Mimsy Were the Borogoves

Editorials: Where I rant to the wall about politics. And sometimes the wall rants back.

Pigeon managers

Jerry Stratton, October 13, 2009

I was reading about B.F. Skinner’s pigeon experiments today for an aside in a post on jury duty, and ran across a gem of a quote from The Oxford handbook of organizational decision making.

In Skinner’s pigeon experiment, pigeons are given food at regular or random intervals which have nothing to do with the pigeon. The pigeon, however, develops a random ritual that it “thinks” causes the food to appear. They end up doing a pigeon-dance when they’re hungry, in the hopes that it will make food come out. Sometimes it does, sometimes it doesn’t, but the pigeons never stop believing in the dance. It’s in their nature to believe that they discover food, not that food happens.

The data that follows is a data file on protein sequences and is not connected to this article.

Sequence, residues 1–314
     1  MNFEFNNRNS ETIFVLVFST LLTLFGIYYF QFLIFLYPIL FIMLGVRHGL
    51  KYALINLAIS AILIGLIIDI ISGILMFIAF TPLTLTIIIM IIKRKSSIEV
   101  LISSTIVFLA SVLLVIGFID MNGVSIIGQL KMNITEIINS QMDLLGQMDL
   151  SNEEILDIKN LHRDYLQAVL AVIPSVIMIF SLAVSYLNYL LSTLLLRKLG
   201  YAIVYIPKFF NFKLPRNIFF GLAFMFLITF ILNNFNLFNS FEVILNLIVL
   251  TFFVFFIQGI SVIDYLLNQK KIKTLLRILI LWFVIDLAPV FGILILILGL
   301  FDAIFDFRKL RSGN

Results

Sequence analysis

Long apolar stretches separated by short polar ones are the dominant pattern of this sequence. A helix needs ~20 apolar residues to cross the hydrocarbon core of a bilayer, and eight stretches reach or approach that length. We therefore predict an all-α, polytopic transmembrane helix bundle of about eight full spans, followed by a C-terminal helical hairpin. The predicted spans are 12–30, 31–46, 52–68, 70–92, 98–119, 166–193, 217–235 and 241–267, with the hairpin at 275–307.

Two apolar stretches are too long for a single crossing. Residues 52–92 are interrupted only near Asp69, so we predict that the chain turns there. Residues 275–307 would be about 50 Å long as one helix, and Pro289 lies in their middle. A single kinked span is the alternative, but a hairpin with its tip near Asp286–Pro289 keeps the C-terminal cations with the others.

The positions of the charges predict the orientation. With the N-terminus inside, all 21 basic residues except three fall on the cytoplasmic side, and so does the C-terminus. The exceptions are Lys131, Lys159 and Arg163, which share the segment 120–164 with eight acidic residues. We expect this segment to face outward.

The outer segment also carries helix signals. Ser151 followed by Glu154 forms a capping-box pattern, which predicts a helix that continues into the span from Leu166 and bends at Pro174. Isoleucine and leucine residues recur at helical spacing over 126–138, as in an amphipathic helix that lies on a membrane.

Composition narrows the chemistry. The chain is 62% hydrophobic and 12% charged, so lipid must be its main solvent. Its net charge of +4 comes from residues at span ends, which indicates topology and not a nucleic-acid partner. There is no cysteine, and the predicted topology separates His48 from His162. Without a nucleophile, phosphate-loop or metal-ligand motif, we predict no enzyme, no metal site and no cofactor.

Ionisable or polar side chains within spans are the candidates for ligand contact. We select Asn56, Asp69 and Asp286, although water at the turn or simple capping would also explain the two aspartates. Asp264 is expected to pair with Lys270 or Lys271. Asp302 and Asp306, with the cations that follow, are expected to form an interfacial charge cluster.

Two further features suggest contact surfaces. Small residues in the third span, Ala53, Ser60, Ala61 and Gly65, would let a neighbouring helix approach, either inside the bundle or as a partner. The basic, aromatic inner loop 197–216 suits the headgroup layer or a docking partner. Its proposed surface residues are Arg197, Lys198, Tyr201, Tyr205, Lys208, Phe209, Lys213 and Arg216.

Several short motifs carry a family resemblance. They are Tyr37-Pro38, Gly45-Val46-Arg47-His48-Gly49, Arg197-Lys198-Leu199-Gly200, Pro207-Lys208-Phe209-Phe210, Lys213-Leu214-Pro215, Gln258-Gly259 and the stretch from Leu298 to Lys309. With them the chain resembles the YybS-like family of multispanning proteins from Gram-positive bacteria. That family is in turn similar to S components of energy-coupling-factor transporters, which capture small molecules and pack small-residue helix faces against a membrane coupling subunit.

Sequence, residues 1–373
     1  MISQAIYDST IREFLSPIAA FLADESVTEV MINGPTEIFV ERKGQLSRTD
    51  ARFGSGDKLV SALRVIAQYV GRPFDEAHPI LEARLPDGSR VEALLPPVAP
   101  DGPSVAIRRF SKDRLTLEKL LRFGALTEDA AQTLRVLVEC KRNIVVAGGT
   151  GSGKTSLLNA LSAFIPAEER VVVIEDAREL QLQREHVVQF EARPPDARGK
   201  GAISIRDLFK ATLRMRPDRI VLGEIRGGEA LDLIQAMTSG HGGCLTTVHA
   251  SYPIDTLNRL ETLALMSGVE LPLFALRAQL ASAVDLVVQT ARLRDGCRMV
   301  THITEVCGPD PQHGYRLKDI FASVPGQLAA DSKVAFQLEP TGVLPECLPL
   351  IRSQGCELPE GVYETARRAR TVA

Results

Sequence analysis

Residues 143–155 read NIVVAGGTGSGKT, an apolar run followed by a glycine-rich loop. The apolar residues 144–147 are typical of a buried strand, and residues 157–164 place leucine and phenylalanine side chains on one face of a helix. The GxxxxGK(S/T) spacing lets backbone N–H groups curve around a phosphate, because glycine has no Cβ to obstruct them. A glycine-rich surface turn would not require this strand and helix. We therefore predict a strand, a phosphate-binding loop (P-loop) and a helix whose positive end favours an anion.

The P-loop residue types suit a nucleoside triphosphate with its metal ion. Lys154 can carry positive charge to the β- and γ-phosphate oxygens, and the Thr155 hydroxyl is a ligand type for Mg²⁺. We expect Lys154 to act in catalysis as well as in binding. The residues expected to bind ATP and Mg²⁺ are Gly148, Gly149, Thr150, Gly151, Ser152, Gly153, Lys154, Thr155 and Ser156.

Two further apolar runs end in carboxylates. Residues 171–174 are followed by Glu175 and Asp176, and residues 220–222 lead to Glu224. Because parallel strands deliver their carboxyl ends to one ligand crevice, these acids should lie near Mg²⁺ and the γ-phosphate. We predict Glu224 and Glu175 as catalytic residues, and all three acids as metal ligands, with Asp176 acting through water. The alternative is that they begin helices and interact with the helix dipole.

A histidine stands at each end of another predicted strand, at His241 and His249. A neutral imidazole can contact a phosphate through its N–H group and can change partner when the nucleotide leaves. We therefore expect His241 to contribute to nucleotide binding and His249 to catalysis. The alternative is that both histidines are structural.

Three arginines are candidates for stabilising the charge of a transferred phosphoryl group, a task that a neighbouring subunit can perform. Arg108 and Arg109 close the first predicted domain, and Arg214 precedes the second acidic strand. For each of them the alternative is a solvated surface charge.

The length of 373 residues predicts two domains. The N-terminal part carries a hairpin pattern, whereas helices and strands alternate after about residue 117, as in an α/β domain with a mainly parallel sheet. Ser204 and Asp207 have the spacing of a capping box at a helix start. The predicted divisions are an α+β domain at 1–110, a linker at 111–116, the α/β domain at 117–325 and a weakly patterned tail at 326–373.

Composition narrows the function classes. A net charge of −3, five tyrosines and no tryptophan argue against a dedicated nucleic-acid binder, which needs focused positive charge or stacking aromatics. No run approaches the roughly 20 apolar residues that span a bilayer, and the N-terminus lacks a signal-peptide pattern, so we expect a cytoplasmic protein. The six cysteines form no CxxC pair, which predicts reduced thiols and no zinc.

The handbook went on to say:

Suppose the performance of an organization is high but independent of the actions of its managers. In this setting, anything that managers do will seem to be associated with high performance. As a result, through a process similar to that Skinner illustrated, managers may come to believe that the activities they are engaging in lead to high performance. (p. 274)

This could explain a lot of workplaces. But I’d guess that it goes further than just organizations where performance is always high. It is in the nature of managers to believe that failure comes from other people, and success from themselves. The same pigeon dance appears for failure, just outwardly-directed: “You found a bug while testing? Why are we wasting time testing when it clearly causes problems?”

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